Oak Trees & Acorns. Oak trees are known for their sturdy timber. In the fall, the deciduous trees prepare for colder weather by shedding leaves that have turned bright red. Oaks can take up to 100 years to reach maturity. Their average lifespan is around 200 years, although they have been known to live several hundred years longer. Oak trees begin...
Oak trees are known for their sturdy timber. In the fall, the deciduous trees prepare for colder weather by shedding leaves that have turned bright red. Oaks can take up to 100 years to reach maturity. Their average lifespan is around 200 years, although they have been known to live several hundred years longer. Oak trees begin to produce acorn seeds after 50 years. The trees are generally broken down into white and red oak species.
White Oak Trees
White oak trees range in size from 60 to 150 feet. The rough bark is light grayish in color, and the leaves are a shiny green. Acorns from the white oak normally fall before cold weather hits, killing the seed. However, squirrels are known to scatter and bury the acorns, which helps germinate the species. White oaks are one of the most well-known oaks, and are found more in the eastern sections of the United States, such as Delaware and Maryland.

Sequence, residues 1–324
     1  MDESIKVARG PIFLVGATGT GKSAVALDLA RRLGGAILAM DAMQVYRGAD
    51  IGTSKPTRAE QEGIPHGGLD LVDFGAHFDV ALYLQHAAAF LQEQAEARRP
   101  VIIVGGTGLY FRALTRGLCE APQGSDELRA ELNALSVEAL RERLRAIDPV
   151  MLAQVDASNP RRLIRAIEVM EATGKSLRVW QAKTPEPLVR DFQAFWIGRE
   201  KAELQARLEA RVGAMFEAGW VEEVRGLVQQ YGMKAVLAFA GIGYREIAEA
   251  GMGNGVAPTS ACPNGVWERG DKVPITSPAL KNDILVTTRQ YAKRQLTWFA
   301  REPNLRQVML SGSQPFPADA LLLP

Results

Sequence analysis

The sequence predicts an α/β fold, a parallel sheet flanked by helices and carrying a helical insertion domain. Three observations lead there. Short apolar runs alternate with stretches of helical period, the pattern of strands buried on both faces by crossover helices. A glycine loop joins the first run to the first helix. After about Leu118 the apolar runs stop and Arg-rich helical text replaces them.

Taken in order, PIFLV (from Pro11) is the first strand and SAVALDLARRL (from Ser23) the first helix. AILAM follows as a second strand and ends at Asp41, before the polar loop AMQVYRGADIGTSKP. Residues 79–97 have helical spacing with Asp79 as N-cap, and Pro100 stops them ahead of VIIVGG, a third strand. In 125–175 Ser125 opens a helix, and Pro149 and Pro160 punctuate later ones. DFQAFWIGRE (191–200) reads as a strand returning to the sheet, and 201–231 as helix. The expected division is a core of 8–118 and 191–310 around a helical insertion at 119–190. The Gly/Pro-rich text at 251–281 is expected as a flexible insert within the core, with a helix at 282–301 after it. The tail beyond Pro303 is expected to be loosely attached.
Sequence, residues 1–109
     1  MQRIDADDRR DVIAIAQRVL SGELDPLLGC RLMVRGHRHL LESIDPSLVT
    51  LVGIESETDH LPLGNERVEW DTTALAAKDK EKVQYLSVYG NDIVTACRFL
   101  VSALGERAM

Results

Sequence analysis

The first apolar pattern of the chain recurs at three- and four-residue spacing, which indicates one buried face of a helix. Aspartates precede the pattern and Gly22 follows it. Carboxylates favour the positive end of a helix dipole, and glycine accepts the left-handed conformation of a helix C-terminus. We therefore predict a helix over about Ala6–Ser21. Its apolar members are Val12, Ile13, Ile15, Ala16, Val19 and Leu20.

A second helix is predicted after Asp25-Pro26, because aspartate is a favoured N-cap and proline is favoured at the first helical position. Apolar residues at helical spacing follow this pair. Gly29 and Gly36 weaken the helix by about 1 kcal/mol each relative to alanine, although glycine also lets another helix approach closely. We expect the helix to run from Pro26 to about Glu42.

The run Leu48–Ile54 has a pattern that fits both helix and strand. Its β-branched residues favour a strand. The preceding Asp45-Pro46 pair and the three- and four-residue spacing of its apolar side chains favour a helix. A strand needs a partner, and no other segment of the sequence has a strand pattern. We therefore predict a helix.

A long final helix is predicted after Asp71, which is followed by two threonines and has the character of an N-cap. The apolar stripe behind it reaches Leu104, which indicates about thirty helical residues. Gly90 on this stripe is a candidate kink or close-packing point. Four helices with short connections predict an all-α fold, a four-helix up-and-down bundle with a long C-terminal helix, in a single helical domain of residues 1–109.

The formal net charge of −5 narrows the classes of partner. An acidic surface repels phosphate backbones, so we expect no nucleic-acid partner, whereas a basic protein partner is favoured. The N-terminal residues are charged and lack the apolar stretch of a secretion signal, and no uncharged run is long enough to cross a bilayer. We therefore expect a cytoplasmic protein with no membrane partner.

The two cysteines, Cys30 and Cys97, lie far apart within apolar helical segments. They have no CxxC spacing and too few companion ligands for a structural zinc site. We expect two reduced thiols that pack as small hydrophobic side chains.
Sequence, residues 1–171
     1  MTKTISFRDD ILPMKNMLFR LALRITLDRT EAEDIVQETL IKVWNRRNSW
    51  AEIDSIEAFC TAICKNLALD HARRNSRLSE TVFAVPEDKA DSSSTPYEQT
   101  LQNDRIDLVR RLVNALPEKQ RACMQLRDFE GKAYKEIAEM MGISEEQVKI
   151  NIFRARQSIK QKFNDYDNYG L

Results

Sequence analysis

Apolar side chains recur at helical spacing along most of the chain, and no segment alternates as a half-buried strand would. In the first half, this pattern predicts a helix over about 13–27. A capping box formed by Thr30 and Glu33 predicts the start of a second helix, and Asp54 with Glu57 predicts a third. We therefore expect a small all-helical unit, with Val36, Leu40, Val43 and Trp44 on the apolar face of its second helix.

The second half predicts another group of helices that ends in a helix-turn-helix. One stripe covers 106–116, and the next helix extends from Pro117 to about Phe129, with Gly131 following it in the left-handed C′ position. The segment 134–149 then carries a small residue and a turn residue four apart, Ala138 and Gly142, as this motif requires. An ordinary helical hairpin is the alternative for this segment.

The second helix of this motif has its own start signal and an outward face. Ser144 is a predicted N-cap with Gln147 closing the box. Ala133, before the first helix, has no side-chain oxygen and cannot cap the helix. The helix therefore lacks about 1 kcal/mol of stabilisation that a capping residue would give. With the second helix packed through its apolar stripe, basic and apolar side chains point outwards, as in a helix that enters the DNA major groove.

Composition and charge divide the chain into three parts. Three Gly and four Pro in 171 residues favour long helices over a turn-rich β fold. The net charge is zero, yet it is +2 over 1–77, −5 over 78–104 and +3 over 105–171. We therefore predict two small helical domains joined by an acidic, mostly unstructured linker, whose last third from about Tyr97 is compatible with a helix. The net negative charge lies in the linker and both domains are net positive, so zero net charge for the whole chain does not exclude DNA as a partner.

Red Oak Trees
The red oak tree is known for growing at a faster pace. It stretches to heights of 80 feet, on average, but can grow up to 150 feet. Red oaks have a more complicated root system, which digs itself deeper into the ground. The leaves are a shiny dark green, changing to a deep reddish color in the fall before shedding. Red oaks are more often found flourishing in the eastern and midwestern parts of the United States.
Oak Tree Coloring
Of all the oaks, the red oak tree is the most colorful year-round. Spring brings on pink, furry leaves that turn green in the summer and change into a deep red in the autumn season. White oak trees produce green leaves through the spring and summer months, which turn a violet color in the fall. The white oak hangs onto its leaves throughout the winter, only to shed them when new buds are ready to appear.
In earlier centuries, many people consumed acorns for protein when other foods were not available. The acorn can be stored throughout the colder months, while many other foods perish. They mature on the tree four months after they are pollinated. It takes another month before acorns fall to the ground to germinate, usually in the months of September and October.
The light brown color on the acorn signifies readiness to germinate. Oak trees begin to show acorn seeds between 50 and 200 years of age, although some trees are known to produce seeds as early as 20 years in more open growing areas. Thousands of acorns are produced on a healthy tree in one calendar year. Once established, the seedlings can grow 2 or more feet a year.
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